What do you say when people who don't know any better try and compare you to Robin Thicke?
    "Robin Thicke wouldn't even have a style or a swagger right now if it weren't for me. People gotta recognize where something comes from, and once they can recognize it, then they can relate to it. Nobody had a Jon B before Jon B. There was George Michael, the poppy kind of British rock thing. There was a soulful vibe, but the closest thing I releated to before him was Hall and Oates. My first five to seven years in the game, I took all the flak people for being a white boy who sang R&B: people calling me ' Babyface's white boy', over and over, until I proved myself. Robin Thicke doesn't have to deal with that. He's busy complaining that he's not on the cover of 'VIBE' magazine; I'm like 'man, you're lucky that you even have a Vibe magazine and are on a major label and have the Neptunes working with you.' Stop complaining---soul music isn't about the negativity, its about the cats sticking together and showing love. I just feel that I need to send a message out into the world that, the only reason that people are into him right now, with all due respect to his music, is because I didn't have an album out. Now that I do, people can judge for themselves whether they like what I do or listen to him. I let each album tell its own story, and let people tell me what they like. I'm just trying to do me and let people just listen, you know? I'm not mad at my man Robin Thicke for what he's doing, I just want people to undrstand where the swagger originates. If it was anybody else, especially someone black, doing the same thing, there wouldn't even be a comparison. But the fact that he's white makes it more of a competitive thing for other people----they always ask me what do I think about his success, and I tell them straight up, I'm not worried about another grown man.   

    Elaborate on how the family life impacted Helpless Romantic. 
    "Our relationship is what's chronicled in this album. 'Helpless Romantic' was a metaphor for love, for settling down...I kinda look at it like sinking. You can't help but to sink a bit when you immerse yourself in a relationship. My love for my wife and our child, our life together, I compare it to the ocean, and I'm relating myself as the 34-year-old man that's sunk so of myself into that new life that people gotta dig deep to find me. The song (with that same title) is basically saying 'you're the ocean, I'm the Titanic, baby I'll sink for you.'  I let people know about my new life through the music. I also have this new single with Paul Wall, called "Ooh So Sexy"; it's a little different for me, it's got that Southern crunk energy, it's got that high hat sound that folks love in the South. That's where I've been hanging pretty tough for the last two years, doing shows, so I've come by the influence naturally, and I'm glad I followed my instincts because the song is taking off. I kept it real simple this time; my last album had a lot of different artists on it. I really wanted to go back to my roots, more of the straightforward R&B. I was also influenced by today's cats like Ne-Yo, J. Holliday, The Dream, know what I mean? Even Kanye West has has a big influence on R&B. as far as production.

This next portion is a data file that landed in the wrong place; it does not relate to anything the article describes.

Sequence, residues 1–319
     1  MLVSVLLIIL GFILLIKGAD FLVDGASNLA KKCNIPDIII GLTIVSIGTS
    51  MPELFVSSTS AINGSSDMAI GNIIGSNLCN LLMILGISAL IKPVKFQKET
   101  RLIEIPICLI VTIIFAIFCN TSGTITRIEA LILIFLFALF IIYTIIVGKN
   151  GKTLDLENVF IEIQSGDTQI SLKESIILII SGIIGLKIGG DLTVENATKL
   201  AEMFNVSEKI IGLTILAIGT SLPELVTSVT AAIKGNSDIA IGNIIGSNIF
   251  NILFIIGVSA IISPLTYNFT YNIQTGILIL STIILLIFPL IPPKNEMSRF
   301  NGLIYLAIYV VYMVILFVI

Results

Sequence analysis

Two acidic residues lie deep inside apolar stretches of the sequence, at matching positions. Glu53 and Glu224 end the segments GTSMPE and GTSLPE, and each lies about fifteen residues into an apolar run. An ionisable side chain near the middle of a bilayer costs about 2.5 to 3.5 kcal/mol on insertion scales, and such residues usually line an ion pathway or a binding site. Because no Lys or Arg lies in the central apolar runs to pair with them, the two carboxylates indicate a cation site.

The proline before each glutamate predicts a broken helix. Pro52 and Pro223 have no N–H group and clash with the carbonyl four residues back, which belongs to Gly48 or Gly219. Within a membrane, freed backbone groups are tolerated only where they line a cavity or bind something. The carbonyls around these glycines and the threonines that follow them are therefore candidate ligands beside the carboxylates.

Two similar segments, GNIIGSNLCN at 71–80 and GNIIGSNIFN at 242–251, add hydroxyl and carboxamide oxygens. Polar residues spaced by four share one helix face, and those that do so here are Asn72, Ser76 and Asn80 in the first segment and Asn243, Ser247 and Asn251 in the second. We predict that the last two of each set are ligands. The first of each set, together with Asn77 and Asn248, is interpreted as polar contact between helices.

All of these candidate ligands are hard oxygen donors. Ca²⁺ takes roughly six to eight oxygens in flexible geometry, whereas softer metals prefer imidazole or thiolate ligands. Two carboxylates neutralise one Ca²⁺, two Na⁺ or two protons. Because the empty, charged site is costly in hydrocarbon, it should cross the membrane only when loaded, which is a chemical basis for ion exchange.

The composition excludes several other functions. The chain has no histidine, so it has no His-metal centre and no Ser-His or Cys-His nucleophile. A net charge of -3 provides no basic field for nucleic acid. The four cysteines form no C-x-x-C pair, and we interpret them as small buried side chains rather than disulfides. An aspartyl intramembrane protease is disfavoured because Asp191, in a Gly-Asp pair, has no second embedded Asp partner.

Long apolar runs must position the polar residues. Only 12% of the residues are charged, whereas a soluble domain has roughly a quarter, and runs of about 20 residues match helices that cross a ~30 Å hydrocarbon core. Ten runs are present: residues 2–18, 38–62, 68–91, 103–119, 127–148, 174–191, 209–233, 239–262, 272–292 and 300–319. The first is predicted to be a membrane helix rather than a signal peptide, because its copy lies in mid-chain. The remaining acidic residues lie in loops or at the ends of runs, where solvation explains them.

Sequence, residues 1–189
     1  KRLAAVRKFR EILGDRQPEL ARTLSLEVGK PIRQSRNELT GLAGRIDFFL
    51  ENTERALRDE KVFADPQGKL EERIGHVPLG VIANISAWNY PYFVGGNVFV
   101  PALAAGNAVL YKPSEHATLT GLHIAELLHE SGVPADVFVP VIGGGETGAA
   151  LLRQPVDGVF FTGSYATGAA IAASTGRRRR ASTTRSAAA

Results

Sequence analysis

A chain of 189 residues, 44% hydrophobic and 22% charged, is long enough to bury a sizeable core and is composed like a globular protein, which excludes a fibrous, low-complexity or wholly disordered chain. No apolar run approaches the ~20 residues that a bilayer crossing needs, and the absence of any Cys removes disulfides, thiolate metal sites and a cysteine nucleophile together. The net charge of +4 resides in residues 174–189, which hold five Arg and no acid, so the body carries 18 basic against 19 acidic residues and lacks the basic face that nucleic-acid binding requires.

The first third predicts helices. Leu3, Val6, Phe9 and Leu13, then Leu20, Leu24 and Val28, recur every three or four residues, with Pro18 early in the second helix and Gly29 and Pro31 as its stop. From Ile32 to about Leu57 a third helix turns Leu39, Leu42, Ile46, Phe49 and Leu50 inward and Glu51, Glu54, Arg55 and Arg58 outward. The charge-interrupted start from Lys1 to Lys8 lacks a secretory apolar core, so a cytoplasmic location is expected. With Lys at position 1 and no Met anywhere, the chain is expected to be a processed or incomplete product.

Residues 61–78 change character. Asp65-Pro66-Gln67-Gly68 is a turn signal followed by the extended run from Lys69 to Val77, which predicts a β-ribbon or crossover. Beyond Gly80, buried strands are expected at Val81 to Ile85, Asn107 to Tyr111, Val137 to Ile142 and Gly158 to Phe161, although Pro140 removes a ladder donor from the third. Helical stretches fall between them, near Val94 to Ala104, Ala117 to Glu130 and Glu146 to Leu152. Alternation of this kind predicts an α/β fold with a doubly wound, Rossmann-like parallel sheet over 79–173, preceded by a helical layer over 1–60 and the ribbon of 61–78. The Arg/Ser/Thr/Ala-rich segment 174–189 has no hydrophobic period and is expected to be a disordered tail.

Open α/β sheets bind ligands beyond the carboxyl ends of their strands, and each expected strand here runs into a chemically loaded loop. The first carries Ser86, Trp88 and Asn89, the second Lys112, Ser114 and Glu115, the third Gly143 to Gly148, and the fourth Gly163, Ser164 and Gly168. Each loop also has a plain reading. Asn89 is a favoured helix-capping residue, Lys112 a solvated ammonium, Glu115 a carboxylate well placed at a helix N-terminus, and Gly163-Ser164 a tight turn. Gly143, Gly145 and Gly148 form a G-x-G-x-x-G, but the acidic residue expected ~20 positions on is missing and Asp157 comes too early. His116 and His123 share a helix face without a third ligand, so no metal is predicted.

Any other projects you're working on?

    I've actually just finished producing Keith Robinson's album (Effie's younger brother in Dreamgirls), and I'm really looking forward to people hearing that one. "Got me a Cadillac, Cadllac, Cadillac..." (laughing) The album's called Utopia, it'll be coming out a little bit after mine, and we're gonna be touring together, shooting videos together, that's my partner right there.   

    What advice do you have for new artists, aiming for a major deal or just trying to hang independently? 
    "I think when you're self-contained---writing your music, producing your music --- there's no reason for a major label to come in and take 67% of that and put their name on it. It's not fair, and you've put too much hard work and and energy into this to not make any money off it it. A lot of artists are barely making anything because they don't write their songs or get into production, so I say that if you're a talented singer, dancer, entertainer type of performer, then yeah, you probably need to get on a major label, because that's what they do, create huge stars. I'm a composer, I'm a producer, I'm a musician, I'm a singer, so for me to be able to sell 150,000, 200,000 units and have a million dollars in my pocket, it seems a lot more of a lucrative situation than to be on a major label for 10 years. My royalties are what they are because I write my music, but if I didn't have the I love showing people that it is possible to do it on your own. I want to be an example as an artist and as an entrepreneur.
    What do you hope the fans---or newcomers--- take from Helpless Romantic?

    "I think that one tradition that I've kept in all of my albums is the passion, the love energy. I feel that God gave me the gift of communicating the love message. Some people may not have a lot of love in their lives. Being in a relationship is hard, but when you get that right energy, it's like vitamins or eating good food. I haven't gone anywhere, and I just get better with time. Tupac didn't bless no punk, I haven't disappeared, I'm here to stay. Tom Joyner always says, 'don't let anybody take your spot.' No one can ever take my spot, because there's only one me, you know? 
    Any parting sentiments Jon? 

    Love your children, respect your spouse, keep it true. My boy Paul Wall says 'get money, stay true.' I like that one.

    By Melody Charles